- Over 800K tonnes of expired solar panels are anticipated to reach Canada’s landfills by 2050 unless something changes.
- This company wants to change that.
- Their pilot project to keep expired panels in use has recovered close to 700 panels and is currently testing and refurbishing them for future use.
The typical lifespan of most solar panels is 20 years.
According to the International Renewable Energy Agency, a devastating 800,000 tonnes of expired solar panels are anticipated to reach Canada’s landfills by 2050 unless something changes.
With a booming Alberta solar industry, thousands of solar panels are expected to reach their two-decade lifespan in the next few years. The Alberta Recycling Management Authority (ARMA) is striving to prevent an upcoming wave of expired solar panels out of landfills.
Their pilot project to keep expired panels in use has recovered close to 700 panels and is currently testing and refurbishing them for future use.
Brad Shutlz, ARMA’s CEO, is hoping to have a solution before the problem intensifies, “I think what we’re experiencing right now is a calm before the storm. So we’re going to start seeing these coming in by the hundreds of thousands.”
Alberta’s existing electronics recycling program does not include solar panels. ARMA has been working on a pilot project to change this for the past two years.
The initial aim of ARMA’s project was to better understand the volume of expired panels already out there and the challenges to recycling the various materials.
Shutlz explains, “Working with our processors, we have come up with a method of funding them to go to all these collection sites, bring it back to their facilities and recycle it and just understanding the challenges, and the cost.”
Recovered solar panels undergo testing to determine how much production might be left and identify any potential safety concerns with continuing towards refurbishing the panel.
Darren Dunfield, a research lead at NAIT’s Centre For Grid Innovation, hopes to eventually automate the panel evaluation process.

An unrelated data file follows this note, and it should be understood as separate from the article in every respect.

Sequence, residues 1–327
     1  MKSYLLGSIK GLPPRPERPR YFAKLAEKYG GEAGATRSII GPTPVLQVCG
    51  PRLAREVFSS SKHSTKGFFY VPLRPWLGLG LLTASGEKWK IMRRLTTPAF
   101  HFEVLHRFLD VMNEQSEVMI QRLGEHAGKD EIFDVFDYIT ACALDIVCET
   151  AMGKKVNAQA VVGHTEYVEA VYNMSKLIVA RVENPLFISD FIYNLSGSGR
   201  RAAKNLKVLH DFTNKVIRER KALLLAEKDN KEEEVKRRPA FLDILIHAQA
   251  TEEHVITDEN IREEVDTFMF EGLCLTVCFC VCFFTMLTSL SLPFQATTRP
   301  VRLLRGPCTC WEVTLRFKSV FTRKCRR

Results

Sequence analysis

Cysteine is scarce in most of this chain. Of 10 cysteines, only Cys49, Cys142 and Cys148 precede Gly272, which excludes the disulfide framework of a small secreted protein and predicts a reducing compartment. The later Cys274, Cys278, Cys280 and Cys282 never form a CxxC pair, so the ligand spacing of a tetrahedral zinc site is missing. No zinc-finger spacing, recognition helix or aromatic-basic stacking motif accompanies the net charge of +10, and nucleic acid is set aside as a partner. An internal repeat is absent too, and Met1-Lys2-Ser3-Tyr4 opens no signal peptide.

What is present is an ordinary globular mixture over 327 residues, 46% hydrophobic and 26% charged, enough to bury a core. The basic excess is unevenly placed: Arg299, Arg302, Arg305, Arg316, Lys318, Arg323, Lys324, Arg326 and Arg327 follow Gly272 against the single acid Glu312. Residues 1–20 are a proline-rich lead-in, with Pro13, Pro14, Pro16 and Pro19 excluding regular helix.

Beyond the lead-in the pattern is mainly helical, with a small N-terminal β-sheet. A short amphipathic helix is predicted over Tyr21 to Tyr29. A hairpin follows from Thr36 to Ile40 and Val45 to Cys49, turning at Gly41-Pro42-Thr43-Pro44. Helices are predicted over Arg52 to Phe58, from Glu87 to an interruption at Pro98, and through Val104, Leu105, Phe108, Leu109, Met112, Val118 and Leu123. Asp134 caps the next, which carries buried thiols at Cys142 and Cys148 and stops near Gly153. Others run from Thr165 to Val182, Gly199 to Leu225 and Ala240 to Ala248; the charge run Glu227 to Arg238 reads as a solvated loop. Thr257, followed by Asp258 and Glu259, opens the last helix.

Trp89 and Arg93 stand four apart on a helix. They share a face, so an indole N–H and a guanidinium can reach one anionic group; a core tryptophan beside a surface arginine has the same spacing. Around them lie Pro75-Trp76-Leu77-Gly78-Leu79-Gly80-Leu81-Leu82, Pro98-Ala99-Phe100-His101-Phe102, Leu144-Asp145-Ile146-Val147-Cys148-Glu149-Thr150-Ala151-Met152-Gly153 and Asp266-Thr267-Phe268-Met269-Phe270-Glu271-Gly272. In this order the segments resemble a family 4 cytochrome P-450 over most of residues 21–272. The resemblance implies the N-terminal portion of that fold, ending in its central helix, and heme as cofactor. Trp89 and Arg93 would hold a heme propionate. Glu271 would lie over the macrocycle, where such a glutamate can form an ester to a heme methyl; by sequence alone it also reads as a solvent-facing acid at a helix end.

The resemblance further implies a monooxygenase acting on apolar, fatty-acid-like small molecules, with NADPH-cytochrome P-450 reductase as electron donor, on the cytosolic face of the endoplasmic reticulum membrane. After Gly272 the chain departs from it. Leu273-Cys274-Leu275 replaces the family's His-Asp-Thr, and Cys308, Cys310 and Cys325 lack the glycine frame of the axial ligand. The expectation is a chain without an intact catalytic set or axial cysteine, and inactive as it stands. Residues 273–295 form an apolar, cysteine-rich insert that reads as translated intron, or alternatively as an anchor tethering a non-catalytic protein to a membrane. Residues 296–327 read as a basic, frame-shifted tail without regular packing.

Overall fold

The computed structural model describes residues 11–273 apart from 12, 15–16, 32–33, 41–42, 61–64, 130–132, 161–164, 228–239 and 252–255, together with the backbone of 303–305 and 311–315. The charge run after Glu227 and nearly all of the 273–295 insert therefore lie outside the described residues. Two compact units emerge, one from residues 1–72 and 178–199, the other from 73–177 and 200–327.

“We need processes that can rapidly test, discard and move to refurbishment,” Dunfield said. “So expanding the speed that we do the testing, expanding the refurbishment ability of how many more we can salvage. Ultimately for me it’s about removing them from the waste stream.”
Alberta doesn’t yet have a system to use refurbished solar panels to generate electricity for the province’s power grid. This is due to issues with certification and insurance.
However, ARMA considers refurbished solar panels a practical option for farmers trying to cut back on low-end energy use.
Dunfield is training others, such as the owner of Hi-Tech Recyclers, Mark Schell, to successfully evaluate the hundreds of already recovered solar panels.
ARMA’s pilot is expected to wrap up this month.
According to Miguel Racin, press secretary for Alberta’s minister of environment and protected areas, the province is actively exploring ways to continue this vital work.
I feel there is a big misconception that needs to be cleared up around the life span of solar panels. The typical solar panels have a warranty period of 20 to 35 years. This should not be considered (or confused with) their lifespan. I have personally tested solar panels well beyond 40 years in age and they are still generating Close over 95% of their original capacity. So warranty does not equal lifespan. In my experience panels that do not make it through their full warranty period . Are typically damaged from abuse miss handling during installation or mother nature has thrown some thing at them. Just my two cents
This article is rather misleading, overly alarming and it is kind of doing a disservice to the industry. Solar panels don’t “expire”.
Their output does degrade extremely slowly over time.
Solar panels have performance warranties of 25 years and my 35-year experience with PV modules as an installer and solar educator is that warranty claims are quite rare.
I have two solar panels that I bought 47 years ago. They still work and test out well.
Of course reuse and recycling programs are worthwhile and it is a topic that needs to be addressed, but please do not perpetuate myths.
Thank you for your feedback!
I agree with you that solar panels can continue working well past their warranties (and many homeowners take advantage of this) but panels are typically replaced far sooner in industry-scale projects.
When efficiency is paramount, as is the case for most commercial projects, it can be worthwhile to replace panels with newer, more powerful models well before their warranty expires.
So what happens to all the panels?
My article was exploring a potential solution to this problem: thousands of still very much viable panels ending up in Canadian landfills.
Thank you for joining the conversation!